WORCESTER — If it’s mid-afternoon, you’ll find Michael Vaudreuil down at Worcester Polytechnic Institute’s Kaven Hall. The hall is home to two of the school’s engineering departments, and Vaudreuil is its custodian. So he’s a busy guy.
Vaudreuil, 54, will clean the restrooms, vacuum the carpets in nearby offices, scrub the floors, clean the chalkboards, and pick up the trash.
On Saturday morning, Vaudreuil has one more thing to pick up.
He’ll exchange his work clothes for a cap and gown, and collect his bachelor’s degree in mechanical engineering.
“I’d read stories like this and I always wondered whether I could ever have that in my life,’’ he said. “And now I’m here.’’
That disbelief is founded in a personal journey whose most memorable mileposts are heartbreak and hardship, resiliency and resurrection.
Vaudreuil (pronounced VO-dray) is the third of four children born to a Worcester machine shop operator and a stay-at-home mom. He graduated from Shrewsbury High School and earned an associate’s degree in aeronautical technology from Wentworth Institute of Technology.
His timing was bad. Airline deregulation in 1978 triggered a mild recession in that industry, so Vaudreuil — always a handy guy — turned to plastering. He excelled at it. During the boom years of the ’80s, he was making good money. But things began to sour in early 2007, and then, when the Great Recession began late that year, so did financial ruin.
“The house was on the line,’’ he said. “By early November, I was done. I couldn’t sustain it anymore. I was out of business.’’
The house was gone. So were his savings. His vehicles had been repossessed. In a way, so had any spark of hope.
“I was getting pretty depressed,’’ he said. “I’m supposed to be the breadwinner. I’m supposed to go out there and kill the meal and bring it home, and I wasn’t doing that. I was feeling a tremendous loss of confidence. My ego was taking a big hit. I was just a shell of a person. It was a meaningless existence at that point.’’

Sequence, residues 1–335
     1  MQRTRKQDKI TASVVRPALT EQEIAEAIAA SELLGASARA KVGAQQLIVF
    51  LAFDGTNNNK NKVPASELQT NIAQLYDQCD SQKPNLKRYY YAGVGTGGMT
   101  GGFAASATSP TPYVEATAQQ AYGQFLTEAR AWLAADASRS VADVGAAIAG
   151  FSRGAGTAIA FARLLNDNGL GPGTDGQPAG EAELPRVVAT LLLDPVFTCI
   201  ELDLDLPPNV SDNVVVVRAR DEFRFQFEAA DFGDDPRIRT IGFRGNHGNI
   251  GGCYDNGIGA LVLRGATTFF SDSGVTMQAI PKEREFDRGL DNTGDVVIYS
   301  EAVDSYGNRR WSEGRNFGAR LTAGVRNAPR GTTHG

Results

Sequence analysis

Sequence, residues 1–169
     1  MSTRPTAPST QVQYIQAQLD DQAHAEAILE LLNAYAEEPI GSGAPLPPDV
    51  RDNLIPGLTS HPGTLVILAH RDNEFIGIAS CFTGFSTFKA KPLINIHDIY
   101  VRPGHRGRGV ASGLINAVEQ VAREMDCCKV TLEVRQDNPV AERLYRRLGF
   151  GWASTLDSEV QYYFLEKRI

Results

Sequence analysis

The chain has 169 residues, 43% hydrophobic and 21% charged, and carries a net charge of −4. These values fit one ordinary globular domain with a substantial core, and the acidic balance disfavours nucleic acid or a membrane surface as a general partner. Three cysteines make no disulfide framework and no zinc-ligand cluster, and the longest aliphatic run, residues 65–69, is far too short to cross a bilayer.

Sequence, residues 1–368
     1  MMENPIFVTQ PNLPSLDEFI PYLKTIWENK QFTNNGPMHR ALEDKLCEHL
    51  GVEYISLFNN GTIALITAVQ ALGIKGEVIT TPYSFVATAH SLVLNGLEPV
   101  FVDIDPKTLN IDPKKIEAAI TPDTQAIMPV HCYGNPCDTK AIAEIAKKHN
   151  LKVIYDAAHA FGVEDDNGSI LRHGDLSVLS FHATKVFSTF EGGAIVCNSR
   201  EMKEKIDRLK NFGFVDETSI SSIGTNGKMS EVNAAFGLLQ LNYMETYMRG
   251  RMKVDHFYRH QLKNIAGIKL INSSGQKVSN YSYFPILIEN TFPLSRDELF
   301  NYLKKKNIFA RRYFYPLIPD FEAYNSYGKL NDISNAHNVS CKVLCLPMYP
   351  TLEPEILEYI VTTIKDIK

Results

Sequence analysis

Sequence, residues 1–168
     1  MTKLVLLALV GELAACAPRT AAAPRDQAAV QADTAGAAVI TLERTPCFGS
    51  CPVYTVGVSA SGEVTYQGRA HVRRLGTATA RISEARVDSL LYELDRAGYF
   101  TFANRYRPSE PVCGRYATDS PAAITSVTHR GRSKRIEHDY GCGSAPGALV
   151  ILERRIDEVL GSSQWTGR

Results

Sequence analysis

He then found work at WPI, becoming a full-time custodian in April 2008. He was still doing a plastering gig or two on the side. But there was something about his academic surroundings, an energy that fairly vibrated off the students, that impressed him.
At the time, he was in his mid-40s — and surrounded by kids who were native to the digital world. For him, it’s a late-in-life skill.
“The thought process was: This is it for me,’’ Vaudreuil told me Thursday afternoon as workers prepared for commencement. “This is the last train out of the station. Your back’s against the cliff. You either jump off, or you fight for your life.’’
He fought. Sometimes he fought self-doubt. Sometimes he fought depression. Sometimes he wanted to quit. His wife, Joyce, wouldn’t let him.
“It was just too much stress,’’ he said. “I was overwhelmed. But she let me cry on her shoulder. She was my cheerleader. Sometimes it was a kick in the pants: Get out there.’’
The energy he’d detected in the students he cleaned up after grew into a genuine magnetic force. No one called him “Old Man.’’ There were no snickers. There were no handouts, either. WPI requires a lot of group academic work, and Vaudreuil was welcomed into that group. “They challenged me,’’ he said.
Along the way Vaudreuil — whose grade-point average is 3.65 — surely taught his fellow students a lesson as great as any they learned in the classroom.
And it’s this: “You’ve got to stay in the batter’s box and keep swinging,’’ he said. “You swing and you miss. You swing and you miss. And your motivation goes down and you get tired or maybe you go home with your bat. But stay in there. Keep swinging.’’
His wife, his father, and his three children will be at Saturday’s commencement. Like most of his 900 classmates, he alternates between excitement and anxiety.
Vaudreuil plans to do his share of celebrating this weekend. But not too much.
By Monday, long after his classmates have packed up and scattered, he’ll be back on campus for his afternoon custodial shift.
While he cleans the place, he’ll be waiting for the phone to ring, hoping for a job offer — a guy supremely prepared for whatever life throws at him.Thomas Farragher is a Globe columnist. He can be reached at firstname.lastname@example.org. Follow him on Twitter @FarragherTom.